PANS-OPS

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PANS-OPS is an air traffic control acronym which stands for Procedures for Air Navigation Services – Aircraft OPerationS. PANS-OPS are rules for designing instrument approach and departure procedures. Such procedures are used to allow aircraft to land and take off when instrument meteorological conditions (IMC) impose instrument flight rules (IFR).

ICAO rules[edit]

The Flight Safety section of International Civil Aviation Organization (ICAO) is responsible for PANS-OPS,[1] which outlines the principles for airspace protection and procedure design to which all ICAO signatory states must adhere. The regulatory material surrounding PANS-OPS may vary from country to country.

Handling of obstacles[edit]

Chapter 4 of Annex 14 to the Convention on International Civil Aviation "[establishes] a series of obstacle limitation surfaces that define the limits to which objects may project into the airspace" surrounding an aerodrome.[2] PANS-OPS defines "protection surfaces" which are imaginary surfaces in space that guarantee an aircraft a certain minimum obstacle clearance, similar to the purpose of obstacle limitation surfaces (OLS) in Annex 14. These surfaces may be used as a tool for local governments in assessing building development. Where buildings may (under certain circumstances) be permitted to penetrate the OLS, they cannot be permitted to penetrate any PANS-OPS surface, because the purpose of these surfaces is to guarantee pilots operating under IMC a descent path free of obstacles for a given approach.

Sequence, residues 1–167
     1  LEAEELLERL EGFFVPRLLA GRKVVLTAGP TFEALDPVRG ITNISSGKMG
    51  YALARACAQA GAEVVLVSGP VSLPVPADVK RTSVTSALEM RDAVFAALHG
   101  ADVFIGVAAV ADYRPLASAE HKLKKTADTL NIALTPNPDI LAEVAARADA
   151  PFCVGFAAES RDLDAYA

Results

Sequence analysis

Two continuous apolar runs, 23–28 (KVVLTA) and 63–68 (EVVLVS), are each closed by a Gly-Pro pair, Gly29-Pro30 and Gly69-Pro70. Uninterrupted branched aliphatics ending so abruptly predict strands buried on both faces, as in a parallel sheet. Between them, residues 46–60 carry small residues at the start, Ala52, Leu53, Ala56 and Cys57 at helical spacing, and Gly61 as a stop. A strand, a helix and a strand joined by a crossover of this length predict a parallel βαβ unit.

Other PANS[edit]

  • PANS-ATC: Procedures for Air Navigation Services – Air Traffic Control
  • PANS-ATM: Procedures for Air Navigation Services – Air Traffic Management (ICAO Doc. 4444)[3]
  • PANS-TRG: Procedures for Air Navigation Services – Training (ICAO Doc. 9868)[4]

History, Pans-Ops software[edit]

In 1989 the very first commercially available off the shelf instrument procedure design software conforming to ICAO document 8168 Pans-Ops was programmed.[citation needed] This software was first demonstrated at Bailbrook College in Bath, England in 1992 to a procedure design course. Prior to this all procedure design was done with pencil, tracing paper and a calculator. The software was programmed on a 386 IBM laptop computer and written in the “LISP” programming language.

References[edit]

  1. ^ "Annexes and PANS". International Civil Aviation Organization. Retrieved 24 April 2018. 
  2. ^ Annex 14 to the Convention on International Civil Aviation – Aerodromes, Volume I: Aerodrome Design and Operations (7th ed.). July 2016. Retrieved 24 April 2018. 
  3. ^ Procedures for Air Navigation Services, Air Traffic Management (16th ed.). International Civil Aviation Organization. 2016. Retrieved 24 April 2018. 
  4. ^ Procedures for Air Navigation Services, Training (2nd ed.). International Civil Aviation Organization. 2016. Retrieved 24 April 2018. 

External links[edit]